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(10,393 posts)
Tue May 31, 2022, 02:12 PM May 2022

The people who rescue giant ships

Rain lashed the windows. A violent sea pounded the steel hull of the ship and the wind roared with primeval power. It was the middle of the night in the summer of 2010. The Kota Kado, a 230m-long container ship, had run aground outside the port of Hong Kong. Her crew had evacuated but standing on the bridge in his life jacket, prepared for the worst, was salvage master Captain Nick Sloane. He beheld the force of the typhoon that now, in the darkness, raged over the stricken vessel.

Sloane was holed up with just five other members of the salvage team. Days earlier, they had arrived to the South China Sea with the aim of saving the Kota Kado. When typhoons were forecast to batter the grounded ship, Sloane made the decision to stay on board overnight with a skeleton crew. He wanted to feel how the vessel flexed in the storm, to understand where it hit her hardest, knowing that this would inform whatever measures they took next. But it was a very close call.

"We nearly lost her that night," he says.

The world's cargo ships, which transport around 90% of global trade, do not always make it to their destination without incident. According to the Safety and Shipping Review by insurance company Allianz, 27 cargo vessels were lost in major incidents during 2021, and 357 during the past decade. They catch fire. They hit rocks, reefs and sand bars. They malfunction. But they don't always sink. Whenever there's a chance to rescue a large ship, their owners almost always take it because these vessels can be worth hundreds of millions of dollars.

The people that shipping firms call on in such situations are called salvors. And they have seen some extraordinary things at sea. Salvors came to the aid of the huge Ever Given container ship after she ran aground, blocked the Suez Canal, and triggered global supply chain issues last year, for example. But when a ship weighing tens or hundreds of thousands of tonnes gets stuck somewhere, how do you free it?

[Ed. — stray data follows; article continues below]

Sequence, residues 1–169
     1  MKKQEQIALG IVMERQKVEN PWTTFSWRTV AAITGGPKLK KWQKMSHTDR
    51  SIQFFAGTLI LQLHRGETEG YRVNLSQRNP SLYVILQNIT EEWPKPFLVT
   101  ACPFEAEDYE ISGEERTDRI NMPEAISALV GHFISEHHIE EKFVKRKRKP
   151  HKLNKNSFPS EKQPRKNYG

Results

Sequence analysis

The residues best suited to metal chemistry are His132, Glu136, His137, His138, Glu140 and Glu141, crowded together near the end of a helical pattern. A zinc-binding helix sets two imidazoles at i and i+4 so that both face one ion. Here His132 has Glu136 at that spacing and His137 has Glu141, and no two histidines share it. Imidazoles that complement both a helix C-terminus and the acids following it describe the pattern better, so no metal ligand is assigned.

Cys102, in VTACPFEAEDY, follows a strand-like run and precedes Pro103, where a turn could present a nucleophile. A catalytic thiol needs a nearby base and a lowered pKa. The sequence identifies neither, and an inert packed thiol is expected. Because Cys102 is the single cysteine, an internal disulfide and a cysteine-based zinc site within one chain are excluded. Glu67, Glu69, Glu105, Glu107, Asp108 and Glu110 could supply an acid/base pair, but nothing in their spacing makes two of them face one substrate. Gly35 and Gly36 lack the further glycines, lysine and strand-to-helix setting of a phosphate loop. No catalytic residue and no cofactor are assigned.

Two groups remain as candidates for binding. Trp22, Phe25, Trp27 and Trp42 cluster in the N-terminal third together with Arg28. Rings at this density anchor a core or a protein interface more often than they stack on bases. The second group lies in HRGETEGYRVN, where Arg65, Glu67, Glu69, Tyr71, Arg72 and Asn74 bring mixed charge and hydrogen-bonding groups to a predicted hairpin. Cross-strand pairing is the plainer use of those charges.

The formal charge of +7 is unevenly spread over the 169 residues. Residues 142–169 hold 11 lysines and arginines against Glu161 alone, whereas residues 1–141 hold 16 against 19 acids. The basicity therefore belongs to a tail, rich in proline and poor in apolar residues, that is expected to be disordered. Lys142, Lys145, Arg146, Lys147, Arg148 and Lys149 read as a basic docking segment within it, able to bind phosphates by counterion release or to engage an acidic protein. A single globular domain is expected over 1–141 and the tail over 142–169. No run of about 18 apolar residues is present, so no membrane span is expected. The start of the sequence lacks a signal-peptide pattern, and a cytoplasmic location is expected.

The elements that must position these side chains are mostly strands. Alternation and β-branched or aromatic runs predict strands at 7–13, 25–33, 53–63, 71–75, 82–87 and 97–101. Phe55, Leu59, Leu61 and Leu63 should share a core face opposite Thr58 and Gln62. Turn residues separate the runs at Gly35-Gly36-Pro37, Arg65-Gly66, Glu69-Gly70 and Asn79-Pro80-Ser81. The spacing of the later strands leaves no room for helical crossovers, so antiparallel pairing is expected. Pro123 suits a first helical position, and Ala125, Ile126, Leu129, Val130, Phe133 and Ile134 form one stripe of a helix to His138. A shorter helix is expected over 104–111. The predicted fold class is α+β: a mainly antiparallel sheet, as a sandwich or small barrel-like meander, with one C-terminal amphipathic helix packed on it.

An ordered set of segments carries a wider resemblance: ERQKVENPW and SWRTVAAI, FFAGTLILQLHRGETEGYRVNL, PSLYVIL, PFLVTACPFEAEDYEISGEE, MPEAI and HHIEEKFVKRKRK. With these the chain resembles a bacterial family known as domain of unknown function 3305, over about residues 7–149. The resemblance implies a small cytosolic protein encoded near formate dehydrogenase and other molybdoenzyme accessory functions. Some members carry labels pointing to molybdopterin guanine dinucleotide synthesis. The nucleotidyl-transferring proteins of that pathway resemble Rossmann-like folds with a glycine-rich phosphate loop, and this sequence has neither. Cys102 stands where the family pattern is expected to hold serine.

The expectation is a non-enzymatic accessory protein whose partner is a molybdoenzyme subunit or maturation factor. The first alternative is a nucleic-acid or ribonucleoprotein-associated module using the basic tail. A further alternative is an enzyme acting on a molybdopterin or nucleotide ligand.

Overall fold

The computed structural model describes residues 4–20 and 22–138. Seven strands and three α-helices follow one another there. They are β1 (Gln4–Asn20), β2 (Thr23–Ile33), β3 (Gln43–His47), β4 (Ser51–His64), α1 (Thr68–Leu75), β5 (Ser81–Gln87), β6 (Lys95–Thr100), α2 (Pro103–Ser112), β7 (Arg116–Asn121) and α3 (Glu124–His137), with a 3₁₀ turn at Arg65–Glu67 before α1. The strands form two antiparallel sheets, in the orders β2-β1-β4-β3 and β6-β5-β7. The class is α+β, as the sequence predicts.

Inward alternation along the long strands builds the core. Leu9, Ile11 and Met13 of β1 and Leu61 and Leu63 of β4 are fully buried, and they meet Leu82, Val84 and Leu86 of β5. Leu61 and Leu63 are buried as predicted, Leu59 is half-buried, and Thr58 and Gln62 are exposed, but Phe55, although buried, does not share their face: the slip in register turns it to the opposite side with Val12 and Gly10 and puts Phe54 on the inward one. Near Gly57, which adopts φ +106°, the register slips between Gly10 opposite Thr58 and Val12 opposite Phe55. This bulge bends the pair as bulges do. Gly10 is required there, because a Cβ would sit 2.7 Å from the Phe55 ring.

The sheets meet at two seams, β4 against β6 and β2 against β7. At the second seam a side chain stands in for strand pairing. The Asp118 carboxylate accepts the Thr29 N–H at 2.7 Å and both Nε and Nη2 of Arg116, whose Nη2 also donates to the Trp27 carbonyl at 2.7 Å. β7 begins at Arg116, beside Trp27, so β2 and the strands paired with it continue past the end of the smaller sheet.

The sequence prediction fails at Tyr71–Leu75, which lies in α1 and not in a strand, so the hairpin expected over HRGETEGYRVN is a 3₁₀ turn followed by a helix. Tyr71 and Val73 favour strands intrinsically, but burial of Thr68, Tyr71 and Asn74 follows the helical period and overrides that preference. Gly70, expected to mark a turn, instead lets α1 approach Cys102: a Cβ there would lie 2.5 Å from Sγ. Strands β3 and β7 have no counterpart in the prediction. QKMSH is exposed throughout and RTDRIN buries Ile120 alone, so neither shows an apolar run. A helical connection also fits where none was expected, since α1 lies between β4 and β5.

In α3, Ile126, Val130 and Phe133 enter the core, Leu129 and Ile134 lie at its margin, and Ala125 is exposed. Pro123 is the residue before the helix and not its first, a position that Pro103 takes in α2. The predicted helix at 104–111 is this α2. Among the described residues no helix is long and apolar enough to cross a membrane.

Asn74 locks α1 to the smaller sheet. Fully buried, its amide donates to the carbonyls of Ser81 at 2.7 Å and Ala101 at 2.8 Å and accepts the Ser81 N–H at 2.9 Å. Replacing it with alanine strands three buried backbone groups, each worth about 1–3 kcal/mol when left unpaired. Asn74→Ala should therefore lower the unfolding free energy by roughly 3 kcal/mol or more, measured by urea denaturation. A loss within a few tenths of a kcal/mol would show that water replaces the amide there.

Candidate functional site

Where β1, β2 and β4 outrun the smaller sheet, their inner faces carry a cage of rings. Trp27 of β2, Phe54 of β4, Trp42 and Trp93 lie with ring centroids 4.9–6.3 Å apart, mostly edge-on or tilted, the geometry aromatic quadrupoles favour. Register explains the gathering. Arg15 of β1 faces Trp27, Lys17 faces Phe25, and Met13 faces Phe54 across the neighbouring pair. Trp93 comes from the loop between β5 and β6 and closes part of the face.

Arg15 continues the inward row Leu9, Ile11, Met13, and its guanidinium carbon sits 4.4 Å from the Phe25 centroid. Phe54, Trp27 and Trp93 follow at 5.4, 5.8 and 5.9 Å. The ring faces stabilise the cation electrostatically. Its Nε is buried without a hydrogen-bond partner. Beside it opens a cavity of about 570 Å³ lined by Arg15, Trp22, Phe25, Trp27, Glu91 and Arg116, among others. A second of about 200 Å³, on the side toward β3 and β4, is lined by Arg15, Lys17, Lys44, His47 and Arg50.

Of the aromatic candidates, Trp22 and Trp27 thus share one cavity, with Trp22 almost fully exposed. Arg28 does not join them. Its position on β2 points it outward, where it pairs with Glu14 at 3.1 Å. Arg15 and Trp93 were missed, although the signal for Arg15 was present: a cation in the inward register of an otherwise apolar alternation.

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The people who rescue giant ships (Original Post) Jilly_in_VA May 2022 OP
1+ keithbvadu2 May 2022 #1
Enjoyed the article. Thanks, Jilly. Hortensis May 2022 #2
Thank you for sharing Pyryck May 2022 #3
That was quite amazing. SoonerPride May 2022 #4
Did anyone see NOVA a couple of weeks ago? Jilly_in_VA May 2022 #5


(99 posts)
3. Thank you for sharing
Tue May 31, 2022, 03:11 PM
May 2022

As a former Coastie I applaud the efforts of salvors as they not only recover the ship, but help avoid other catastrophic events from occurring like oil spills or the loss of cargo or containers on the seas which might cause another accident to marine traffic.


(12,286 posts)
4. That was quite amazing.
Tue May 31, 2022, 03:22 PM
May 2022

I appreciated reading something that didn't make my head explode

or my heart implode.


(10,393 posts)
5. Did anyone see NOVA a couple of weeks ago?
Tue May 31, 2022, 03:32 PM
May 2022

It was about the Ever Given getting stuck in the Suez Canal. Quite fascinating. There were a lot of people blaming it on the pilot but in reality it was the captain, because he didn't listen to the pilot.

My personal opinion is that these damn things are just getting TOO BIG. They need to be scaled back down. There is going to be a huge tragedy one of these days.

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